How to find a hobby that can help you be happy


How to find a hobby that can help you be happy

It’s time to find a hobby. Why? Hobbies aren’t just a source of pleasure, they have some impressive benefits for your mental wellbeing, too.

Fancy trying salsa dancing? Playing the drums? It’s easy to dream big about finding a creative outlet, but it can take much more effort to do it. Finding a hobby can give your health a boost so it may be time to find one that can make you happy.

Four out of five Australians find their hobby helps reduce stress and feelings of loneliness and isolation, and improves their mental wellbeing – and not just while they’re doing it. Psychologist Meredith Fuller says hobbies break us out of our daily routines and entrenched roles, like parenting or work.

“When you have a hobby, there’s another part of yourself that uses different skillsets and gives you a different identity.”

Hobbies also give us a sense that it’s okay to fail – there’s no pressure to get it right, unlike in other parts of life. Plus, you feel good as you start learning and improving.

A small New Zealand study found that engaging in a creative hobby, such as songwriting, creative writing, knitting or playing music, leads to greater emotional wellbeing, including feelings of happiness and enthusiasm that last into the following day.

It suggests there’s an “upward spiral for wellbeing and creativity – engaging in creative behaviour leads to increases in wellbeing the next day, and this increased wellbeing is likely to facilitate creative activity on the same day.” The researchers say their findings support an emerging emphasis on everyday creativity in cultivating a positive mindset.


Knitting, for instance, can also help reduce depression and anxiety, slow the onset of dementia and distract the mind from chronic pain, according to research conducted in the US and UK.

Research from Harvard Medical School’s Mind and Body Institute, published by Knit for Peace, found that the repetitive movements of knitting released the chemical serotonin, which is calming and lifts mood.


It’s never too late to learn a new skill. Mother-of-two Jessica Bretthauer took up a musical instrument to help improve her mental wellbeing. “Practising the piano relaxes me by forcing me to concentrate on something other than the endless to-do lists in my head. The sense of achievement I get from mastering a new piece or technique fulfils a need that isn’t met by my job anymore,” she says.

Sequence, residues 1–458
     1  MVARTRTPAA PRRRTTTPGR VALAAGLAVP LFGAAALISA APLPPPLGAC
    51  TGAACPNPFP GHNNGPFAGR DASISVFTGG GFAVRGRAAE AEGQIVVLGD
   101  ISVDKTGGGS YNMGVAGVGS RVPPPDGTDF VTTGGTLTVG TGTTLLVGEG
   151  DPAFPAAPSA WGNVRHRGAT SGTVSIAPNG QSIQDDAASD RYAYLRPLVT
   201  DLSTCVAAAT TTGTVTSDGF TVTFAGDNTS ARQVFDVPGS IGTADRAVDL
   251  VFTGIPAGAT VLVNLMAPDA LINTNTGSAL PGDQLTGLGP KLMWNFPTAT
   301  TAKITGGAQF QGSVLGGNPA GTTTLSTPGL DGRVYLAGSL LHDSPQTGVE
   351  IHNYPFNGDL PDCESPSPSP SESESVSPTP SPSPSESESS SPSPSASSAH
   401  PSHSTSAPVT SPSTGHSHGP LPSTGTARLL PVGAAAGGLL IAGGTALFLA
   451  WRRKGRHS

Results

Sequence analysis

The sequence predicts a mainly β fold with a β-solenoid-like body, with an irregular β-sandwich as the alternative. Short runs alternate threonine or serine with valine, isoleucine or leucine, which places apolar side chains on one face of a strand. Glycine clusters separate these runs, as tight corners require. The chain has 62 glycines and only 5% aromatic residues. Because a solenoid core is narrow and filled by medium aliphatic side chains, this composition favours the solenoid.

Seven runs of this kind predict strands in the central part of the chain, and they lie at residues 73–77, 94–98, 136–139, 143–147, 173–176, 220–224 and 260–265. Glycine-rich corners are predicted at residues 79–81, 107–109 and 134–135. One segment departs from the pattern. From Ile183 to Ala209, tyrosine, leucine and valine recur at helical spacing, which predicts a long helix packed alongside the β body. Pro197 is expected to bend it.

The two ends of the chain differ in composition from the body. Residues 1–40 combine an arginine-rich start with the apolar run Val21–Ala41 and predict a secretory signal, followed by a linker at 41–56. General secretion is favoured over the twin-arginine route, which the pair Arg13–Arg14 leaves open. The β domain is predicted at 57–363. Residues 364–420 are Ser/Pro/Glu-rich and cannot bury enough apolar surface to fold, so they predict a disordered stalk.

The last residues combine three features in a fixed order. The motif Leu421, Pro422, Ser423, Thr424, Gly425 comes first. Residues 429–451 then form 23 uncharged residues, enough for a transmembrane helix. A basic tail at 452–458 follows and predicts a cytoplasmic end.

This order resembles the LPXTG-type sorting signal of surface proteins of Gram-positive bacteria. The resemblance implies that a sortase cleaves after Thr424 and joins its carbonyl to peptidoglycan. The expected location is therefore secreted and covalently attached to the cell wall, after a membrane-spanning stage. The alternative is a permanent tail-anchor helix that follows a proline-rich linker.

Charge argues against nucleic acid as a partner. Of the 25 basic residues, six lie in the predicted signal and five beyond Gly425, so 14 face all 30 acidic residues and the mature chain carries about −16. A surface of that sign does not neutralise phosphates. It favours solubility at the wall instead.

A study published in Frontiers in Psychology of people aged 60 years and older who were taking piano lessons, found that playing an instrument decreased symptoms of depression and improved their outlook and physical quality of life.


“I’ve started two hobbies recently: pottery classes and making homemade chocolate,” says 47-year-old Chris Phieler. “Pottery has taught me that even if something looks wonky, you can almost always fix it with the right technique. There’s no shame in smashing it and starting again, and everyone in the class is very supportive of each other’s creations.”

Research from Canada’s Dalhousie University has found that taking part in community activities with like-minded people, such as those who enjoy reading at the local library or other creative crafts such as cooking classes, is thought to support recovery from some mental health problems and improve self-esteem.


In the art world, it doesn’t matter if your personality type is expert or novice. For Olivia Davidson, 43, painting helped her through dark days following a breakdown.

“Learning to paint, and letting myself paint whatever I felt like painting, were huge aids to my recovery,” she says. “It was a great way of releasing and processing emotions I couldn’t possibly have put into words. At other times it was a source of mental and emotional rest.”


Fuller says hobbies can help you be engaged in something fully, forgetting your daily worries, rather than more passive activities like spending your free time watching TV. Here’s how to find the right hobby for you:

  • To challenge yourself, try a hobby that’s in contrast to your greatest skills. For example, if you’re great at maths, try learning a language.
  • To channel your inner child, think about what intrigued you when you were young but that you were unable to do. Maybe you always wanted to rock climb or play an instrument. Do that with some friends or family.
  • To uncover which activities you most engage with, walk around a crafts store or pick up a book or newspaper and consider which interests and personalities you’re naturally drawn to. You might want to find other people with an interest in learning. Then channel your energy into those areas through great hobbies or learning a new skill.
  • To remove performance pressure, be prepared to spend a lot of time giving things a go without the fear of failing. Enrol in short courses to learn a new skill at a local community college, like decorating, photography, jewellery making or pottery, and see what sticks.

Words by Charmaine Yabsley 
This article originally appeared in the April 2019 issue of HCF’s Health Agenda magazine.

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